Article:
Further, TRS projects the plan will still have a $100 million surplus at the end of the coming fiscal year. These are very positive results for the hard work being done by TRTA members.
We support the efforts of our long-time friends House Appropriations Chairman Jim Pitts and House Appropriations Subcommittee on Education Chairman John Otto, who have been instrumental in working with all the House Appropriations committee members to protect your TRS-Care program. They know the issues we face in the future, which are substantial. We know that all House members will be ready to work with us in the future to deal with the TRS-Care challenges coming in the nextbiennium.
It is strange that some other outside organizations have taken special note of this amendment discussion.
One organization, that does not have a track record of supporting your TRS defined benefit plan, expressed on their web site that “several GOP freshmen have pre-filed amendments seeking to cut wasteful government spending in favor of addressing the state’s major unfunded teacher pension liability. How the rest of the GOP caucus votes will be telling.”
The organization further states that “while unfunded pension liabilities are a serious problem for state and local governments that require systematic reforms – the state cannot ignore the growing liabilities of TRS – the fifth largest public pension in the U.S. as of last September. Cutting wasteful government in order to fulfill the state’s current obligation is responsible budgeting.”
We agree that the state should not ignore TRS! The fact is that for 13 out of the last 18 years the Texas Legislature has underfunded TRS. This underfunding has saved the state money, but has cost the pension fund over $8 billion in funding.
We are not sure why this particular organization has not helped TRTA champion adequate state funding for the TRS pension system. As we mentioned, they do not have a track record of supporting your TRS defined benefit or TRS-Care health insurance program.
We are also puzzled by what this organization means when they talk about “systematic” reforms. Without any additional information, we can only guess that they are suggesting the elimination of the defined benefit pension system and the implementation of a defined contribution system. As TRTA members already know, the defined contribution system brings with it numerous funding problems and reduces retirement security for all TRS retirees—many of whom do not participate in Social Security.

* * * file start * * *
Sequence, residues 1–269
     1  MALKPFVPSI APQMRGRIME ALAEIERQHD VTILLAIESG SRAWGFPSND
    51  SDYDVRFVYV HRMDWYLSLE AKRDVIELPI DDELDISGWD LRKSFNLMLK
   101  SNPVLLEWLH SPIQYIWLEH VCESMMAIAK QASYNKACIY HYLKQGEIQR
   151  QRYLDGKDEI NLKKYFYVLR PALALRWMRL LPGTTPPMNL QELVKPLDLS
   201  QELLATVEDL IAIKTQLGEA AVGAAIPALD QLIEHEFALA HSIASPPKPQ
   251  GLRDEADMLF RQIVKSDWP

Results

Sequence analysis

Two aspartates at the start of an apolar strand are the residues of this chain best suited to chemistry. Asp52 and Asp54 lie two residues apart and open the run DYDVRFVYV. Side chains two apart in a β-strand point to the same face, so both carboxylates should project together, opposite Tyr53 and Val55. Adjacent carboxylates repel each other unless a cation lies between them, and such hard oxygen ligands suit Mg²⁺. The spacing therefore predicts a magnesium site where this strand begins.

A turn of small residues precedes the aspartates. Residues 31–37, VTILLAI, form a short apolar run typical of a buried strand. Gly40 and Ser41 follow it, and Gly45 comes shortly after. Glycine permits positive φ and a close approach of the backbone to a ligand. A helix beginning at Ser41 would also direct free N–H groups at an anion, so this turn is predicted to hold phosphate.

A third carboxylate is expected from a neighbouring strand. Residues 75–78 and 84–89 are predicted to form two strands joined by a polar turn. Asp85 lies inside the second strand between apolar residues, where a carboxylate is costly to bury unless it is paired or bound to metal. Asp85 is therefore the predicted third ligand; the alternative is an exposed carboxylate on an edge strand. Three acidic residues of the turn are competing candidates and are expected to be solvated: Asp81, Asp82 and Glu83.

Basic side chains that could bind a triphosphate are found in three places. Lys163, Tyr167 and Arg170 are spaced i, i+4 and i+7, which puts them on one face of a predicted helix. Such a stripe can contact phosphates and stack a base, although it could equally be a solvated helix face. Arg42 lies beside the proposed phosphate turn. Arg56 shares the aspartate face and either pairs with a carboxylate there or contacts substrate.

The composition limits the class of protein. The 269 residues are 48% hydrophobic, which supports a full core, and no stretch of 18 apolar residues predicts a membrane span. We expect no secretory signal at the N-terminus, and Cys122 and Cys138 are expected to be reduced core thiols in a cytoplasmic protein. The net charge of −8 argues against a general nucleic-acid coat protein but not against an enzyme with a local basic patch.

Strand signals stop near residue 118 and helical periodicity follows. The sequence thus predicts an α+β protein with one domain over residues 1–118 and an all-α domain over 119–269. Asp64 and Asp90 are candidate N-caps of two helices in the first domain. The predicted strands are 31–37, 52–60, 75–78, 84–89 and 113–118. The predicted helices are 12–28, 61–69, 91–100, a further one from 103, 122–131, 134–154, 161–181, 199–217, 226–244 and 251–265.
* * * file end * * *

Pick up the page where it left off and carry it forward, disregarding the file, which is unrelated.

It is also important to point out that the filed amendments are redirecting state resources to TRS-Care, not the TRS pension plan. This outside organization is messaging that these amendments are going to offset the “growing liabilities of the TRS.”
The final issue is this: “a list of amendments, including ones redirecting funding to TRS obligations, subject to scoring on the Fiscal Responsibility Index will be posted by Wednesday morning.”
TRTA members, please see this statement and think about what your elected officials are being asked to do. Are they being asked by this organization to support budget strategies to improve your pension system that protect your defined benefit plan? Is their goal to help you get a much needed increase? Are they acting as champions for your interests in the same way that TRTA is trying to make a positive difference for you? Are they willing to stand up and tell us if they fully support a defined benefit plan for all current and future TRS retirees, and that they will do whatever it takes to get the system actuarially sound? Will they reject any organization that is promoting the passage of “systematic” changes to your retirement fund?